Lawmakers debate automatic voter registration at DMV - WSIL-TV 3 Southern Illinois

Lawmakers debate automatic voter registration at DMV

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WSIL -- Illinois senators are considering a bill that would automatically register people to vote when they apply for and update a drivers license or state ID.

"Our democracy works best when everybody participates," said Abe Scarr, executive director of the Illinois Public Research Interest Group.

More than a dozen states are considering a similar proposal.

Supporters claim it helps election officials update voter address information. However there are still several details state leaders need to work out, such as how people would opt out should they refuse automatic renewal at the DMV.

"We get a big package every couple weeks from the DMV," said Williamson County Clerk Amanda Barnes, as she looked over piles of registration cards used to keep accurate information on local voters.

"People move. They are so mobile now. They are moving constantly, so it's hard to keep up with all of the address changes," Barnes said.

This new proposal has the potential to lessen her work load and that of other county clerks, as well as save taxpayers money.

When people go to the DMV to apply for or update their drivers license, lawmakers want to use that information to automatically update voter registration. Right now, the process is completely separate. 

Those sponsoring the bill call it progressive and the way of the future.

"Removing barriers to registration that I think we have come to accept as the norm," said Sen. Andy Manar, (D) Decatur. Manar is a cosponsor of the proposed legislation.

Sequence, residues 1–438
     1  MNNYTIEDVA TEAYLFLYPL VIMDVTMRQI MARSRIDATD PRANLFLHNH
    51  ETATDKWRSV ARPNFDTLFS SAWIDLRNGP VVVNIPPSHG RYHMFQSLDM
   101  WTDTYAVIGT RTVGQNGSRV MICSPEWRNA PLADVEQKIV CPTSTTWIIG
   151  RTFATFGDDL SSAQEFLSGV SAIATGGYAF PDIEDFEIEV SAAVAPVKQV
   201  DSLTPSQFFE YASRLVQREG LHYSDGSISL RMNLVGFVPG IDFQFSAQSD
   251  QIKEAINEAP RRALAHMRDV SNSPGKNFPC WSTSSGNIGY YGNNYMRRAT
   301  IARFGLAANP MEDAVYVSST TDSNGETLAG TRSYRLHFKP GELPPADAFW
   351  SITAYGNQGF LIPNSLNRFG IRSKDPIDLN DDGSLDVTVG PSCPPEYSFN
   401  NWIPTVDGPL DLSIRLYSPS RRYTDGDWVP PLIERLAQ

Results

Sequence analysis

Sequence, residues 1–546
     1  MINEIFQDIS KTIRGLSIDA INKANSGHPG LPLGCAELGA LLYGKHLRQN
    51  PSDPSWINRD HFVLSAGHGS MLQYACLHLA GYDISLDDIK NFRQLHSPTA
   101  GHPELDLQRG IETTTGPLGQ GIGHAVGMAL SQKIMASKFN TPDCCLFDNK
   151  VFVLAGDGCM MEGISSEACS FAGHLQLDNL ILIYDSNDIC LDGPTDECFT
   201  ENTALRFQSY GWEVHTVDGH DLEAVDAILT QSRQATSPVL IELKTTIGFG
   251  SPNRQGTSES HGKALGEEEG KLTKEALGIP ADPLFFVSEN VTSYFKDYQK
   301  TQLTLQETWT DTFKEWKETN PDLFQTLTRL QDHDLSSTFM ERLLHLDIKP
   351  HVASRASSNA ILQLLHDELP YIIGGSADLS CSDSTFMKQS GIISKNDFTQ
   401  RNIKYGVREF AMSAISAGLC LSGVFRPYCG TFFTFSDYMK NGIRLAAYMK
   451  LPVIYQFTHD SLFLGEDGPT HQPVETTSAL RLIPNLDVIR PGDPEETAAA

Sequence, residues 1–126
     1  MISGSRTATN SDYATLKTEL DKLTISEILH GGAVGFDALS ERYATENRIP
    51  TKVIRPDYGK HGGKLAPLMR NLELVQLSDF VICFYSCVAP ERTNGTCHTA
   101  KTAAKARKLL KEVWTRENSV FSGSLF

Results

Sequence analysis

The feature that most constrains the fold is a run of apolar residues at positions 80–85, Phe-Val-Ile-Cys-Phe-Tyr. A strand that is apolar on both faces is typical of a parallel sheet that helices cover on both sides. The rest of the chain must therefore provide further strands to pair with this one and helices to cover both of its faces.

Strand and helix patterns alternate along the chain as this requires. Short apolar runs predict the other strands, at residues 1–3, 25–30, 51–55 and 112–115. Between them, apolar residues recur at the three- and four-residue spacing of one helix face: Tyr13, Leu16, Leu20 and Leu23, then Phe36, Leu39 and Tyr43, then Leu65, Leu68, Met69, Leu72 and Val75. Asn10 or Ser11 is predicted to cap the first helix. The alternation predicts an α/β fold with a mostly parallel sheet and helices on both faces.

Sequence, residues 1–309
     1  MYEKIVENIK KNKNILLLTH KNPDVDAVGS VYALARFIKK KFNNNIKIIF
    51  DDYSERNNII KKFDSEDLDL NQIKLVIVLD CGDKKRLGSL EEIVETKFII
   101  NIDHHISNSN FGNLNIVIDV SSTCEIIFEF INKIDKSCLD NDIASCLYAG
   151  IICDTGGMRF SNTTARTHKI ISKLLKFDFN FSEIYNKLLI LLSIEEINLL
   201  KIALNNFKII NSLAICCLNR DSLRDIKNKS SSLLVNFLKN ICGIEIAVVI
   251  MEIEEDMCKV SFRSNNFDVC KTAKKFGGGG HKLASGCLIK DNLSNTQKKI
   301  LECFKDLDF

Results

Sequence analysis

Supporters say the law could save hundreds of thousands of dollars through reduced paper use and employee costs, as well as bring more voters to the polls. 

"Automatic voter registration greatly expands access to the franchise and will add many eligible voters to the rolls which will make it more likely that they'll vote," Scarr said.

But some point out this proposal could result in accidentally registering non-citizens, who could then face deportation. Experts familiar with the policy say getting it started is tricky.

"There are transition costs. There are barriers to implementation, logistical and systemic. There's a certain level of upfront monetary cost," said Sam Munger, director of outreach and partnerships for the State Innovation Exchange, a Wisconsin-based program.

Studies show in some states that's totaled about $200,000. Supporters argue it will pay off.

"It would be more efficient which would save taxpayers a significant amount of money over time," Munger said.

So far, only Illinois democrats have supported the bill. If it is eventually implemented, some lawmakers hope to expand automatic registration to other state agencies as well.

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